While waiting for Kamelot we spent about 30 minutes listening to what I perceived to be a Japanese female rock icon. Sounded like Within Temptation; a little over dramatic for me, but the musicians were good. After Kamelot, it was back to the extreme stage for a double dose of Swedish metal in the form of Dark Tranquility and At The Gates, respectively.
This was a completely new experience for me as I knew little to nothing of these two bands. Both were quite good, inspired large circle pits, and energetic cheers from the crowd. Dark Tranquility vocalist Mikael Stanne seemed like he was indeed enjoying himself smiling the entire time…while not growling. At The Gates had a great set; unfortunately I couldn’t tell you what they played, but they seemed like crowd favorites. Stanne joined At The Gates vocalist Tomas Lindberg on stage for some dual growling which went over quite well. Looks like I will be digging for some change out of the couch cushions for some of Gothenburg’s finest melodic death metal albums to add to my library.
I once saw Napalm Death somewhere around 1996 in San Antonio, Texas. While extreme as they are, the one thing I remember most was Barney Greenway’s stage presence. I was hoping not much had changed in the last couple of decades as we get older and slower…he’s still up there belting out those intense growls accompanied by his psychotic stage presence. It was great…and brutal to hear Suffer the Children, Siege of Power, and When All is Said and Done…great live songs.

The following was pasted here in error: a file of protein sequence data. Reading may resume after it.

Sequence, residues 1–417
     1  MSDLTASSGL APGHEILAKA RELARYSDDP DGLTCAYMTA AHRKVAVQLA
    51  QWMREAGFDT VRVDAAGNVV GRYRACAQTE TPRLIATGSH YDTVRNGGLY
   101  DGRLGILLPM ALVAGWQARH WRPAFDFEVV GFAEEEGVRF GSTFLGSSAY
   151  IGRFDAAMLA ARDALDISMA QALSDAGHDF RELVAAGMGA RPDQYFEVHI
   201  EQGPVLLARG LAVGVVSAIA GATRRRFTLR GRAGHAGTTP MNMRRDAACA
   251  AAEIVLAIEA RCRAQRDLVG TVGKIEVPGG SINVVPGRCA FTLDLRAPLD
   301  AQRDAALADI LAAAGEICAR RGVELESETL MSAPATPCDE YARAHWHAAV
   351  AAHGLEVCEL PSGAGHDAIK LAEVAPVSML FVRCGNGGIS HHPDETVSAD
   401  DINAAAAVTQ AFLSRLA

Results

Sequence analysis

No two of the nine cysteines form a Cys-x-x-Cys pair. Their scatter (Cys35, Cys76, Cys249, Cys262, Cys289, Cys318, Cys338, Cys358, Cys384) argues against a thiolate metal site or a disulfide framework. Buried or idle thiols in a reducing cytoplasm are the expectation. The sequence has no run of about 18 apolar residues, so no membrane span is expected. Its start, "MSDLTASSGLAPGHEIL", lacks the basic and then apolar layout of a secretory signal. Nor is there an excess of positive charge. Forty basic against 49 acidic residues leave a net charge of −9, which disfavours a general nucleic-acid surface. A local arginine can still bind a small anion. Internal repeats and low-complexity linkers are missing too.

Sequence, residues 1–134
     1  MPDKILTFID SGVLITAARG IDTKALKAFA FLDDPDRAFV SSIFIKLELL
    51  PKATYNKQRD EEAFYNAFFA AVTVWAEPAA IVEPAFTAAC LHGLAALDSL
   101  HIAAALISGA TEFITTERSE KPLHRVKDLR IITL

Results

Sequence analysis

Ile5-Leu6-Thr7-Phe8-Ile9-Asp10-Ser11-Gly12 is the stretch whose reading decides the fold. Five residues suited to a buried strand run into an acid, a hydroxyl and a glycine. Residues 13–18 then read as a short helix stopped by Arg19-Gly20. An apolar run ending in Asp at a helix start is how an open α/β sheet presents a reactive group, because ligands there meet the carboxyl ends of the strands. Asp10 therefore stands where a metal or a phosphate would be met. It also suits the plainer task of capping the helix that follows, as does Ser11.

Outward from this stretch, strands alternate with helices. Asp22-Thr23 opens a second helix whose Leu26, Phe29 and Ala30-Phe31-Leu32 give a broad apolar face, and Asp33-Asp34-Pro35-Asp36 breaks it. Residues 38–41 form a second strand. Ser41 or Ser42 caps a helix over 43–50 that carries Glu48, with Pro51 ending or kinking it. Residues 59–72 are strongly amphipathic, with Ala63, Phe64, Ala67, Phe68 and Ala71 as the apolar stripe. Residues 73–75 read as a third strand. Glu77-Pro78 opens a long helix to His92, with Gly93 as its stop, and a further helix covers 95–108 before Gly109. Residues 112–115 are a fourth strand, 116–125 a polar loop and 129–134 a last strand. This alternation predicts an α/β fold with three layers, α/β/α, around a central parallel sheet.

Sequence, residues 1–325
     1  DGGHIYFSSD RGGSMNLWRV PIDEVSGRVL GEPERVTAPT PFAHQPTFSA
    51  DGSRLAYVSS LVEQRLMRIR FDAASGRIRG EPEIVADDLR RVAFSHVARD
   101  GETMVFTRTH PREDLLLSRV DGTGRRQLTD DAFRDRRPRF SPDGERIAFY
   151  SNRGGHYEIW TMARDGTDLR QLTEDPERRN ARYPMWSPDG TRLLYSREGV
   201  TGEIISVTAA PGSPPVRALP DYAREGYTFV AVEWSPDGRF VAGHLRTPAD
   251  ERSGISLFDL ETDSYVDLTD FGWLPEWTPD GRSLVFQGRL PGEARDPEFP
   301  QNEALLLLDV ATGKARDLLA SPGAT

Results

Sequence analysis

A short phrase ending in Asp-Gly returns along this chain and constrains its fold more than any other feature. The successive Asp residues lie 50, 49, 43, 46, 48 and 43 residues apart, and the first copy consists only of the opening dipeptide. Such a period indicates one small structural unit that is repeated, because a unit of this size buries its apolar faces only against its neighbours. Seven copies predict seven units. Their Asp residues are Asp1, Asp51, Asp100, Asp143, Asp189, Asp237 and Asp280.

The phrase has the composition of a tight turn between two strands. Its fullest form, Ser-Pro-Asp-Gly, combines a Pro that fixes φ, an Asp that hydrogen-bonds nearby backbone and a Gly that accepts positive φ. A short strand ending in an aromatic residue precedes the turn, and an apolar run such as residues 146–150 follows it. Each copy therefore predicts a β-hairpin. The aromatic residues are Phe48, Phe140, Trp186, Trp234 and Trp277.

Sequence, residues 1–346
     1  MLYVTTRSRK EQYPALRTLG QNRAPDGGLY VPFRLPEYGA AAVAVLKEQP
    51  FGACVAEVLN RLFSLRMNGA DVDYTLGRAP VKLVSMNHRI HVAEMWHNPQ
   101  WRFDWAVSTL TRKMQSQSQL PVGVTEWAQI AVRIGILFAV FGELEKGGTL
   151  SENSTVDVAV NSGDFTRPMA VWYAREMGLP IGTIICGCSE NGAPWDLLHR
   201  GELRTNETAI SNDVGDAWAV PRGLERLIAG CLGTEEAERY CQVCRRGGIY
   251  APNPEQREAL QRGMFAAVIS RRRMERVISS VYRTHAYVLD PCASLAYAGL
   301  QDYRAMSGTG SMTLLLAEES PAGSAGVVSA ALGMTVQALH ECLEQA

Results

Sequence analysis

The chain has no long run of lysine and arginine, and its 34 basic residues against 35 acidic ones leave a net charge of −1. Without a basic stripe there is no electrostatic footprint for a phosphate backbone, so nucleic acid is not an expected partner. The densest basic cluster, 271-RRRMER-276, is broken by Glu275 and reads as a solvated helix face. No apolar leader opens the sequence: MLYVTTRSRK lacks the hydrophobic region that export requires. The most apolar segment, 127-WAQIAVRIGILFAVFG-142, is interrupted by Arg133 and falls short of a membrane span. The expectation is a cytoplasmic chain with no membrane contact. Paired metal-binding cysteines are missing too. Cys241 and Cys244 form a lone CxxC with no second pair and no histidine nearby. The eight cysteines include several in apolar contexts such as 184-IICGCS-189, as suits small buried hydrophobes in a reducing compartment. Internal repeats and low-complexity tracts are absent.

After Britain’s famed Napalm Death was sadly over, we took a glimpse of DragonForce on the main stage. Despite lengthy pause due technical difficulties, we managed to catch about a song and a half. In DragonForce terms, that was about 15 minutes. Can’t say I was super impressed. Their speed on CD didn’t seem to come off well on stage. So, we went back to the extreme stage where things were happening all day long and about to get better with the stage’s headliner, Carcass.
Carcass was another band I had never seen before. This was probably the single biggest reason I wanted to go to Loud Park to begin with. Carcass was a huge selling point for me and it paid off. Their set was over an hour with a healthy representation of Surgical Steel (my #2 album of 2013) plus their previous albums including songs I never heard because sadly I do not own every Carcass album. I’ll have to remedy that and ask for iTunes cards for an upcoming end of year gift-giving holiday. This set was the highlight of the day. My only complaint was the vocals seemed turned down, but it could have been because I was too far to one side of the stage. Their music comes off great live and loud. They ended the set with Heartwork…a great closer.